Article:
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Tuesday, December 18, 2007

Cover Letters

Cover letters are different from query letters in that you use them mostly for short stories or requested manuscripts. It's more of an introduction letter; something to tell the editor/agent a little about yourself and your credentials.

My cover letters are very short and to the point. And I'm cautious with the information I impart. I don't load up on superlatives, academic credentials, contest wins or publishing jobs.

The last cover letter I wrote was for a short story. I did not mention the contest wins, education or the two newsletters I edit. I did bring up the novel because it was in the same general genre as the short story. I also brought up that I had been published many times before to let them know I've got professional credentials, but only listed the magazines that were relevent.

A cover letter is not a brag vehicle. It's a business tool. Don't burn your bridges by citing things that won't make a lick of difference to the publisher. It might be tempting to list every single accolade and publication, but if it doesn't relate to the publisher you could possibly shoot yourself in the foot by trying too hard.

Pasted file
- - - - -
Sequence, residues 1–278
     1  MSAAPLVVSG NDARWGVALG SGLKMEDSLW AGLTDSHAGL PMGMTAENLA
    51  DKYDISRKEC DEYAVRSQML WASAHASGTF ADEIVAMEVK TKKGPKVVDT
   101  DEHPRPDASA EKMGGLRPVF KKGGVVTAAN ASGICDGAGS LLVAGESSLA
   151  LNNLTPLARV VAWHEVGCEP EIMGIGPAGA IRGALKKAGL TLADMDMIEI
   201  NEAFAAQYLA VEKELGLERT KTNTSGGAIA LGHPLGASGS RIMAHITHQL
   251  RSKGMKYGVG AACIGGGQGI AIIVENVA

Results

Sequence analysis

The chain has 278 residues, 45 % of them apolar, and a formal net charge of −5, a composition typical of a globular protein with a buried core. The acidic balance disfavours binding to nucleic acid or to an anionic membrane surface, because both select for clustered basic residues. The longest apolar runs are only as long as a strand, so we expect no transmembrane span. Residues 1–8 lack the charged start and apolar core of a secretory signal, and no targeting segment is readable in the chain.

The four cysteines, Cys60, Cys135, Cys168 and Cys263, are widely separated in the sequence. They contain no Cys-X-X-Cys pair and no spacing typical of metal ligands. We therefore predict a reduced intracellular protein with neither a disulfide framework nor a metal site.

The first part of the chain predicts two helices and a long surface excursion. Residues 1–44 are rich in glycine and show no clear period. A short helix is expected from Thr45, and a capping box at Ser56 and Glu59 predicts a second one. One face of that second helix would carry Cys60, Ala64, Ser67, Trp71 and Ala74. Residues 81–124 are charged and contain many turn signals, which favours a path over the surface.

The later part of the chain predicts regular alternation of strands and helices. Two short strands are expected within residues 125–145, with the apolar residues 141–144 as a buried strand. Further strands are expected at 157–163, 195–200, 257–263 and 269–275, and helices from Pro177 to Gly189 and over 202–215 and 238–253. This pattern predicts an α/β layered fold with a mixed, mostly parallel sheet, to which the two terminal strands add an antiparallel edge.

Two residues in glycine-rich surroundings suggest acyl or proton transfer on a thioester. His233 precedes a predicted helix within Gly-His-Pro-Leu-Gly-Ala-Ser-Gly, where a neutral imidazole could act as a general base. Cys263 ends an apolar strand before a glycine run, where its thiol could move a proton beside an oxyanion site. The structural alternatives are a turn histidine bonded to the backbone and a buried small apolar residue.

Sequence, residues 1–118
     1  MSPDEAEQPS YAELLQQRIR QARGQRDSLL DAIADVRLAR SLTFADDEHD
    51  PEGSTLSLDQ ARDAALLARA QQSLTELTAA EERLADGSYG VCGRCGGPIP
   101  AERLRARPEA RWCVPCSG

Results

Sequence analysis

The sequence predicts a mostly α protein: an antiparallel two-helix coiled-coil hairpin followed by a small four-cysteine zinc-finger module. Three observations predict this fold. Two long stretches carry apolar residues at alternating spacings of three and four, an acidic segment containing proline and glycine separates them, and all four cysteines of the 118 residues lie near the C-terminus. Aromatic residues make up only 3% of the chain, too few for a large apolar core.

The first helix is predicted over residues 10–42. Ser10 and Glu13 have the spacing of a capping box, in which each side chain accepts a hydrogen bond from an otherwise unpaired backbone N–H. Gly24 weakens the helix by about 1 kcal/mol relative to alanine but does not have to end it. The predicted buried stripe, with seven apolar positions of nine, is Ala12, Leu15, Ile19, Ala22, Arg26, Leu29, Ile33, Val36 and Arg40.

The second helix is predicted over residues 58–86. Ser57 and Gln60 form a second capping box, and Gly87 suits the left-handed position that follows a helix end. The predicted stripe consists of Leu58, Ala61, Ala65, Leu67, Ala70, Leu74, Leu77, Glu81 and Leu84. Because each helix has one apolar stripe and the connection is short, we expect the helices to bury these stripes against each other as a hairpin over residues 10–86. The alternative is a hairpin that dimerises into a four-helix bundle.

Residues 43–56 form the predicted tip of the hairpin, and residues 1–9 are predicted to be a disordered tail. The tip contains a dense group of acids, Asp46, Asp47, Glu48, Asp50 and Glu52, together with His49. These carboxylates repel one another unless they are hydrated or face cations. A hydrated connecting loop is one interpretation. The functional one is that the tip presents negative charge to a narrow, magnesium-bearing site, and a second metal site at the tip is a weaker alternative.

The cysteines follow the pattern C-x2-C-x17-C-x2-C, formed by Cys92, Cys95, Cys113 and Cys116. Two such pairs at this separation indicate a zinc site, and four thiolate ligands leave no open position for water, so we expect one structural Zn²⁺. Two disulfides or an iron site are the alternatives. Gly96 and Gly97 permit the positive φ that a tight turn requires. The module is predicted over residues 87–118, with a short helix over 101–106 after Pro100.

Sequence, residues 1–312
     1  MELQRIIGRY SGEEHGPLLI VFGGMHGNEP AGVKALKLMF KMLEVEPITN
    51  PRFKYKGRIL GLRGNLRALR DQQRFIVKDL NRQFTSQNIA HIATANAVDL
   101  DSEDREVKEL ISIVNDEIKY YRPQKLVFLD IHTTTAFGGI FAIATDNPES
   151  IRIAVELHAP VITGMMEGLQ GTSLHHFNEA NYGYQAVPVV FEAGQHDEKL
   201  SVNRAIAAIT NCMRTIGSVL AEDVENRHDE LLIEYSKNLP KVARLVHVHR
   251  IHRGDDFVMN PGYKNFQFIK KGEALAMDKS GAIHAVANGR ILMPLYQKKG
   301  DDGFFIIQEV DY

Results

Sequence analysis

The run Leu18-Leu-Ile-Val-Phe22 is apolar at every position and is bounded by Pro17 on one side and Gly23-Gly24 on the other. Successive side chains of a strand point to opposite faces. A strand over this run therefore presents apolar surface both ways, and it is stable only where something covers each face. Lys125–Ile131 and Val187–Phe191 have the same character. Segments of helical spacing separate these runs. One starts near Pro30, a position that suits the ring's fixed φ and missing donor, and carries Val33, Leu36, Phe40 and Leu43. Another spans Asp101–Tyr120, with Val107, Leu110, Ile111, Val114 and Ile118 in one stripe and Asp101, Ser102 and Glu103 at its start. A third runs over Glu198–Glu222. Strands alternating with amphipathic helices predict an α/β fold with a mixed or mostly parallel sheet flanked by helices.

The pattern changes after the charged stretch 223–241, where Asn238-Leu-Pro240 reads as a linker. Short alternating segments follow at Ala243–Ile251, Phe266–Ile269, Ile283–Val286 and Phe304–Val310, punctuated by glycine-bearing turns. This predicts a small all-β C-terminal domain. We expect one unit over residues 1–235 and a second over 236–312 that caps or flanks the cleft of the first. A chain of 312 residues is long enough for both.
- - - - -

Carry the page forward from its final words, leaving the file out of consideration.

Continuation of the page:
The cover letters I've used for requested manuscripts usually included a little reminder that the manuscript was requested as well as the original pitch. Be sure to include all your contact information and use standard query protocols: white paper, black ink, readable size text, and traditional fonts. It's a business letter. Leave the perfume, the sparkles and the gushy notes for your spouse.

Getting personal: I think some people make the mistake of getting too chummy with agents when they've had a request for a full, and address the person by their first name. As a rule I don't use first names until the agent addresses me by my first name. Some call me Maria by the second email they send me. But one didn't call me by my first name until we were almost at the negotiating table. A lot depends on their age, your age and a lot of variables in between.

Use your instincts to guide you, but when in doubt, use common courtesy. Until you've been properly introduced it's always polite to use traditional titles and standard greetings.


Anonymous said...

Some advice says to resend the query letter when sending a partial or full so the agent remembers what she was excited about. What do you think of that?

Maria Zannini said...

Yay! You got in, Daw. Great!

I say do whatever the agent asks for, but if there are no guidelines, common sense is the best rule. There's no way an agent will remember every query, so if she doesn't ask for the original query, at least send the pitch to refresh her brain cells.